The trouble with being pretenders to City’s throne in Premier League title race

<span>That’s what <a class="link " href="" data-i13n="sec:content-canvas;subsec:anchor_text;elm:context_link" data-ylk="slk:Manchester City;sec:content-canvas;subsec:anchor_text;elm:context_link;itc:0">Manchester City</a> will do to you.</span><span>Composite: Guardian Picture Desk</span>
That’s what Manchester City will do to you.Composite: Guardian Picture Desk


It speaks volumes about the title race and the exacting standards to follow that Manchester City have set anyone hoping to beat them in it, that both Liverpool and Arsenal’s largely unexpected defeats on Sunday have been labelled in some quarters as “chokes”. While the sight of both sides blowing a one-point lead over the course of 24 hours is never going to be up there with those of Greg Norman throwing away an apparently unlosable Masters or Jan Novotna mentally disintegrating after double-faulting in what should have been the knockings of a Wimbledon final against Steffi Graf, there were several tell-tale signs at both Anfield and the Emirates that, even though all three title-chasers still have six games to play, the players and fans of both sides felt deep down that a marvellous opportunity had been blown for another season at least.

On Merseyside, where Liverpool lost their first home league game in 18 months, the faces of assorted players looked more haunted than an entire series worth of amusement parks on Scooby-Doo. They went down to a remarkable goal scored by a Crystal Palace team looking for all the world like they were engaged in a warm-up rondo down by the corner flag and had invited a handful of Liverpool mascots to engage in a futile chase of the ball. Meanwhile in north London, those responsible for Arsenal’s late capitulation against Villa were forced to watch their visitors celebrate in front of a jubilant away end while enduring the mournful silence of at least 40,000 empty red seats that had been vacated by the club’s devoted supporters the split-second Leon Bailey’s opener hit the net. With City now two points clear at the top, there’s still plenty of football to play and a sporting chance City could still slip up but one gets the feeling all affiliated to Liverpool and Arsenal are hoping, rather than expecting Pep’s Champions to make another boo-boo now they’ve been let off the hook.

Famously spiky in the face of even the mildest criticism, Jürgen Klopp magnanimously declared in his post-match interviews that his team deserved whatever brickbats were coming their way on the back of their third uncharacteristically poor performance in eight days. “The criticism in these moments is completely fine,” he said through gritted but dazzling teeth. “It is absolutely right. It is all about how we deal with it. The first half we didn’t deal with it but in the second half we pulled ourselves together and should have won the game.” Having gone behind to Eberechi Eze’s splendid goal in the 14th minute, Liverpool certainly had enough time to turn things around. “I felt like I was out there for a year,” said Palace goalkeeper Dean Henderson, of the second-half onslaught his team faced. “I didn’t think it was ever going to end.”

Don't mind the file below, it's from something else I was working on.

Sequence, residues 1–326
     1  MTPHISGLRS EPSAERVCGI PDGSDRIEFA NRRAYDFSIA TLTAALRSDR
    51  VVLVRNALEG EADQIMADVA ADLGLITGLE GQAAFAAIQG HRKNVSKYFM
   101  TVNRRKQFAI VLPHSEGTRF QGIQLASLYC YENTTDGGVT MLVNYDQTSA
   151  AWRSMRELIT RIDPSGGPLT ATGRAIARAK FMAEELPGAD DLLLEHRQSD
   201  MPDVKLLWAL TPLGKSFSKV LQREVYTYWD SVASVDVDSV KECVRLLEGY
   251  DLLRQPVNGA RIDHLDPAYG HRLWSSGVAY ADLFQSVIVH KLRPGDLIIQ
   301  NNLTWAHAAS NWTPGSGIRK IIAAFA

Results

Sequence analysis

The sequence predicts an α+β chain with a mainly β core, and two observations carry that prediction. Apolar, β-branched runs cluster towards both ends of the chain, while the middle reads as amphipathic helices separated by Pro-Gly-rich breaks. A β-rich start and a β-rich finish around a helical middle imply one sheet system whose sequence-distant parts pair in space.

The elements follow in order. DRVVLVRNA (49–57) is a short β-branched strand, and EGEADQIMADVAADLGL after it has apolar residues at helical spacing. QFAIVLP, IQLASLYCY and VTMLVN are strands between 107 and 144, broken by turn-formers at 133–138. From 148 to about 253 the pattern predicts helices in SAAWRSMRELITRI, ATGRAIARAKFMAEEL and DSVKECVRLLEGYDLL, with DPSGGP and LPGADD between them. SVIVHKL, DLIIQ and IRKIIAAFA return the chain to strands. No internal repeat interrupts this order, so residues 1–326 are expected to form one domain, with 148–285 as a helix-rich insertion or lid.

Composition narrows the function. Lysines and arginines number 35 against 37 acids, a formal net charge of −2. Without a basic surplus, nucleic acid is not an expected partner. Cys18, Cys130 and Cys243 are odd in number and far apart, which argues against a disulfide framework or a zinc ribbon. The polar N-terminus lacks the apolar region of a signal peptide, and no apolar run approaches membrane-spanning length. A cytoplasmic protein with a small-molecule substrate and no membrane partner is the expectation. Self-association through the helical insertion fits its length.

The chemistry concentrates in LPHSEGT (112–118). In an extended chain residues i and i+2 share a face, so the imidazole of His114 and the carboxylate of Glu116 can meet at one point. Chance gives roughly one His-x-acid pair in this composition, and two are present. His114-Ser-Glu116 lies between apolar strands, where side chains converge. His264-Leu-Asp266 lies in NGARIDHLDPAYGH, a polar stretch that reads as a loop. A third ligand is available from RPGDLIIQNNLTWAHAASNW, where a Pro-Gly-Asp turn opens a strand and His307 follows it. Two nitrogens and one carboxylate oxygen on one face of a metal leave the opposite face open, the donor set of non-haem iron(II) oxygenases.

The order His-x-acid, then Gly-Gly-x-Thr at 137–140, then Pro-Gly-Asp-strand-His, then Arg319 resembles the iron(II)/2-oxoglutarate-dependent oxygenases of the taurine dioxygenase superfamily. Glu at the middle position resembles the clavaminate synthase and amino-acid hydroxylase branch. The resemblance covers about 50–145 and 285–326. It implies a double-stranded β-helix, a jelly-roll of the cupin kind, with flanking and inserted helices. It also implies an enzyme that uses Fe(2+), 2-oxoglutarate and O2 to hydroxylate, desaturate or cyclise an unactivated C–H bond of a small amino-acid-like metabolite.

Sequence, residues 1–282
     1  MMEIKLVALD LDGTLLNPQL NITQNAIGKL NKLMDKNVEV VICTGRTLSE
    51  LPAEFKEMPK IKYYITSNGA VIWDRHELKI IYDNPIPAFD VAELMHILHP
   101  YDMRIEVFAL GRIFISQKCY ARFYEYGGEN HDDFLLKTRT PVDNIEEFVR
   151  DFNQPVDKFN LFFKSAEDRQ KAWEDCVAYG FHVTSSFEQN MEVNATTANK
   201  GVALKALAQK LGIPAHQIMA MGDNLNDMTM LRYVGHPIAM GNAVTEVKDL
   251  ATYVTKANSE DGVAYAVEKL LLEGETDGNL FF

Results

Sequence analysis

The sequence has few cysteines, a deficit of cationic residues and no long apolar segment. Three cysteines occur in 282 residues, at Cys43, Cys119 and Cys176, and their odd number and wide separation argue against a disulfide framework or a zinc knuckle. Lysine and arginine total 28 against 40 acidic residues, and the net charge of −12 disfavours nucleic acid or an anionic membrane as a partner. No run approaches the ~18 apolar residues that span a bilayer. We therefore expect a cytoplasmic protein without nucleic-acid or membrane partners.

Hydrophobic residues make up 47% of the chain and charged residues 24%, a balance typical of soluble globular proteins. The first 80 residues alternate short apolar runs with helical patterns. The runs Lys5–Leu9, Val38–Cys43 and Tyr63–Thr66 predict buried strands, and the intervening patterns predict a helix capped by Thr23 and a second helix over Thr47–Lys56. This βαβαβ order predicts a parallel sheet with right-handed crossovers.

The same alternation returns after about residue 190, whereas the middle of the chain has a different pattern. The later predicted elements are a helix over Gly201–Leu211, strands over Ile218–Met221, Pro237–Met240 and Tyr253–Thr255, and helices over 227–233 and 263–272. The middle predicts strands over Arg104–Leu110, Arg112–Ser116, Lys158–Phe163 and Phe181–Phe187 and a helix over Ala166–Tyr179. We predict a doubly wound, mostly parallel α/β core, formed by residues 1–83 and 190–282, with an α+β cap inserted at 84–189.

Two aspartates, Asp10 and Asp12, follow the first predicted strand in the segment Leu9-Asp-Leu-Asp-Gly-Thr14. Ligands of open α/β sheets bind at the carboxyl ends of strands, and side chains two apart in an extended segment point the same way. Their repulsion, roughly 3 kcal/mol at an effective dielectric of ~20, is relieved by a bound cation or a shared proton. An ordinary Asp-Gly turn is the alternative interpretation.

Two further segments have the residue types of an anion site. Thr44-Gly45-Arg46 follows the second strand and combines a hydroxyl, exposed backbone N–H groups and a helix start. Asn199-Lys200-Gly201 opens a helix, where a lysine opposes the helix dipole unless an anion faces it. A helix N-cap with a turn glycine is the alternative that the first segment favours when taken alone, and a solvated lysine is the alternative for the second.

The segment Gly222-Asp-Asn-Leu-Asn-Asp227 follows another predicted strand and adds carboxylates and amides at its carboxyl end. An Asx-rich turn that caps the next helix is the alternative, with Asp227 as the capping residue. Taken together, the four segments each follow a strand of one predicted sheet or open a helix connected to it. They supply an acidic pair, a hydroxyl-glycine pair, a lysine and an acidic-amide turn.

Compared to Liverpool and Arsenal, City faced a comparatively straightforward task the previous day, hosting a Luton side whose trademark pluckiness was further enhanced before kick-off when the team-sheets revealed it had been put together using sticky-back plastic, bandages and bits of string. And it was telling that even on the back of a 5-1 defeat, Rob Edwards’s make-do-and-mend side probably put in a better weekend shift than the two pretenders to City’s throne. Of course if anything served as a portent for what was to come for Arsenal and Liverpool the next day, it was the sight of City’s opening goal – an errant Erling Haaland volley being diverted into the opposition goal after smashing a hapless bystander in the face. In the race for the Premier League title, everyone has a plan to beat Pep until they get a football in the mouth.


“Ninety-seven people unlawfully killed, not one person held accountable, how do you think we feel? We had to give up 30 years of our lives to fighting, otherwise they would have got away with it. It’s the worst scandal ever. All those lives lost, then we had the police against us, the media at that time, the government, we had a hell of a fight on our hands” – Margaret Aspinall, the last chair of the Hillsborough Family Support Group whose son James was one of 97 people unlawfully killed on 15 April 1989, speaks out about the painful lack of accountability that families are still having to endure 35 years on. Read David Conn’s powerful report here.


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